On the Inverted Pyramid Story
Doubtless you’ve heard of the “inverted pyramid” story in which the important stuff comes at the “top” of the story (the beginning) and then the rest comes in order of decreasing importance.
The journalistic lore is that this style allowed editors to cut from the bottom to save space. (Others say the style started with telegrams in the United States Civil War in the 19th century. If the telegraph lines went down, then at least the first, most important part of the story would go through.)
The purpose of the inverted pyramid structure is a good one: first things first. Don’t expect a reader to continue reading. Give them the news up front, supporting material later.
Above, you’ll see my gloss on the inverted pyramid. Really, there need not be a pyramid (really a triangle) at all. Only the sloped line on the right side of the diagram is needed. The dotted lines file in what would be a triangle made using that line.
And how can we compare the importance of stories (that is, the relative importance of each point made in the story)? By graphing them and comparing. Movement to the right means the story is, overall, more informative. (Story 2 is, overall, more important than Story 1.)
What are the points on the line? They are the points of the story. The first point, the most important one, comes first—that’s the point in the upper right corner of the triangle. The last point, the least important one, comes last—that’s the point at the bottom of the triangle.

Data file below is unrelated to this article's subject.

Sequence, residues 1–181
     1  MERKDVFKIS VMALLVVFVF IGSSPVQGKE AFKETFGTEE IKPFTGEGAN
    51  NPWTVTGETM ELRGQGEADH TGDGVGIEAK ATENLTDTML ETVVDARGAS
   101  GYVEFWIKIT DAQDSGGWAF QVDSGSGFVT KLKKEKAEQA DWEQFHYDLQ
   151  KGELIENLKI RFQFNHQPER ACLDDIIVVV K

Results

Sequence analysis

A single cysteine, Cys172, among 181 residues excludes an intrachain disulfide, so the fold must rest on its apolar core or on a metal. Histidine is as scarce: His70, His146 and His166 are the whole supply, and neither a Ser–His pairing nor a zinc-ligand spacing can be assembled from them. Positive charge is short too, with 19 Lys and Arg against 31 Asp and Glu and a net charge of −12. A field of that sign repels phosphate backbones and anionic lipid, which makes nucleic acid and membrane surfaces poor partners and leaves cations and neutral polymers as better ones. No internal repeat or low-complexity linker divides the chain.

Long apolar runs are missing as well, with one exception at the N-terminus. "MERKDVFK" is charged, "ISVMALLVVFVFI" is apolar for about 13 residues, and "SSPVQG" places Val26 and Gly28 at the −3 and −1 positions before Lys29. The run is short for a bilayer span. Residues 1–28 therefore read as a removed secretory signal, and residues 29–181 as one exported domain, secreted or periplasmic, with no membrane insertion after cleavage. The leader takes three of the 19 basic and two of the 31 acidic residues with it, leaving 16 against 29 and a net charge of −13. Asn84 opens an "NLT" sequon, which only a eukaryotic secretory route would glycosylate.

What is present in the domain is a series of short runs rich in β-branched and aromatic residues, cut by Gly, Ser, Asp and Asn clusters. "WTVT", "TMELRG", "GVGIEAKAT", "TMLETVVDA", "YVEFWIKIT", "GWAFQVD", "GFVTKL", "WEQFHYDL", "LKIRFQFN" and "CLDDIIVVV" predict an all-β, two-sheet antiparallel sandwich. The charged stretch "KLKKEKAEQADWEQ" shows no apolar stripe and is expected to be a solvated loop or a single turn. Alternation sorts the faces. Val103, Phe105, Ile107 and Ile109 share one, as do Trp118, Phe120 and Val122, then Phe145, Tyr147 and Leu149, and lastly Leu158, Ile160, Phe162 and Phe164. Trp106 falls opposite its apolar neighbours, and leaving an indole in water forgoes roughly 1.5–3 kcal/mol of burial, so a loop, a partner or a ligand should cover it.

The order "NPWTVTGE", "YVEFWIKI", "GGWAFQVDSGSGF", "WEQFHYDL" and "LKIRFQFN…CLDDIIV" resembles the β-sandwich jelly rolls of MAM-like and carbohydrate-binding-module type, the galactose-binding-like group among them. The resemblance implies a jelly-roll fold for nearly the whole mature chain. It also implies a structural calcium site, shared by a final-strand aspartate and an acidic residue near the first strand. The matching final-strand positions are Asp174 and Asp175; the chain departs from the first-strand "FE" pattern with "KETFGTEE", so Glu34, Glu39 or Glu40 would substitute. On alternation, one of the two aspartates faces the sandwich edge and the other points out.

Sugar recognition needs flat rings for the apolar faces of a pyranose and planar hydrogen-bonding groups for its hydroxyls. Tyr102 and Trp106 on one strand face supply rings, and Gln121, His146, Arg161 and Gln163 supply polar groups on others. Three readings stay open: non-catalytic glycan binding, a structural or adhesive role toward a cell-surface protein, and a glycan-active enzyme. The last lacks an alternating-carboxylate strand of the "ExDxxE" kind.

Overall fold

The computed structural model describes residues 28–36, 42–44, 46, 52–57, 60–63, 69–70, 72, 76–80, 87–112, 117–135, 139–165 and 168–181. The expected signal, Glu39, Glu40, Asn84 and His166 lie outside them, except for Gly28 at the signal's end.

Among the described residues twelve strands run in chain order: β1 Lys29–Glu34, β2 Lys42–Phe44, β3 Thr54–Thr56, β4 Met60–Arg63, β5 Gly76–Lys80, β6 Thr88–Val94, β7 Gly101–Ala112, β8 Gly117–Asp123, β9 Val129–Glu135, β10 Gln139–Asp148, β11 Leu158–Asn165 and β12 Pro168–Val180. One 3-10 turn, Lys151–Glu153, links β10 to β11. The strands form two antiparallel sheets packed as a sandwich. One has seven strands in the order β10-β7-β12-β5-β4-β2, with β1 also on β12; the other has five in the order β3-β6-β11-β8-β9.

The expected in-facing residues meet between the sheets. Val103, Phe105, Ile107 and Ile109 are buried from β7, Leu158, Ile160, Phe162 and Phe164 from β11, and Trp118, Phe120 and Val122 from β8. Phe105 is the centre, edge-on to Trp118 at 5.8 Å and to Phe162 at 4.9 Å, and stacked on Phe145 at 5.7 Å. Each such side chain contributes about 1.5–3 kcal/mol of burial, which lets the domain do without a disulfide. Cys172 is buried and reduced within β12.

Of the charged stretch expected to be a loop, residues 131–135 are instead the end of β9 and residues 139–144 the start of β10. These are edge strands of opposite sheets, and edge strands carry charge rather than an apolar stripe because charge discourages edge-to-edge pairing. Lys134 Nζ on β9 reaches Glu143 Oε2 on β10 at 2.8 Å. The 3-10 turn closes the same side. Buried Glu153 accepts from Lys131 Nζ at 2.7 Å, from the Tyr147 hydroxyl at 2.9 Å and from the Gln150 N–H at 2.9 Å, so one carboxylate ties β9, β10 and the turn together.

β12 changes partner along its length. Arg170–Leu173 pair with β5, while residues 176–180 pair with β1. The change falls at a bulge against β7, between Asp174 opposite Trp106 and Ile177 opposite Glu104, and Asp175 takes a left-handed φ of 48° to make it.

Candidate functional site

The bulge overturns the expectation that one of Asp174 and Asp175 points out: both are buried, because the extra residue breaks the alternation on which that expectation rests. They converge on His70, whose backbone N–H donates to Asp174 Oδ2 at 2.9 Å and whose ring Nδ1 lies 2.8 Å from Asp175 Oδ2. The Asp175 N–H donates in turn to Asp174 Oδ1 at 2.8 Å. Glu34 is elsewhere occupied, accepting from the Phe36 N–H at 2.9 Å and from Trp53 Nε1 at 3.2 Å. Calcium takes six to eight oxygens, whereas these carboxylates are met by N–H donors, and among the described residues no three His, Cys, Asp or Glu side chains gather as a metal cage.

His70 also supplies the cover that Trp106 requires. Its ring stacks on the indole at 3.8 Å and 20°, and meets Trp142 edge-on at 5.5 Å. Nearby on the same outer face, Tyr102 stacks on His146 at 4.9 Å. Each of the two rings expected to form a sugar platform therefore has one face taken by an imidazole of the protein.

Think about a story that has the same level of importance from “top” to “bottom.” What would that look like? A vertical line. That story would, I think, be hard to read since the reader wouldn’t know what to focus on.
Think about a story that starts with something really important, then moves to irrelevancies. The slope of that story-line would be flatter, closer to horizontal.
Do sections, paragraphs and sentences have the same structure? Sections might, but paragraphs and sentences have another property: often the important stuff comes at the end. So that doesn’t really fit the diagram.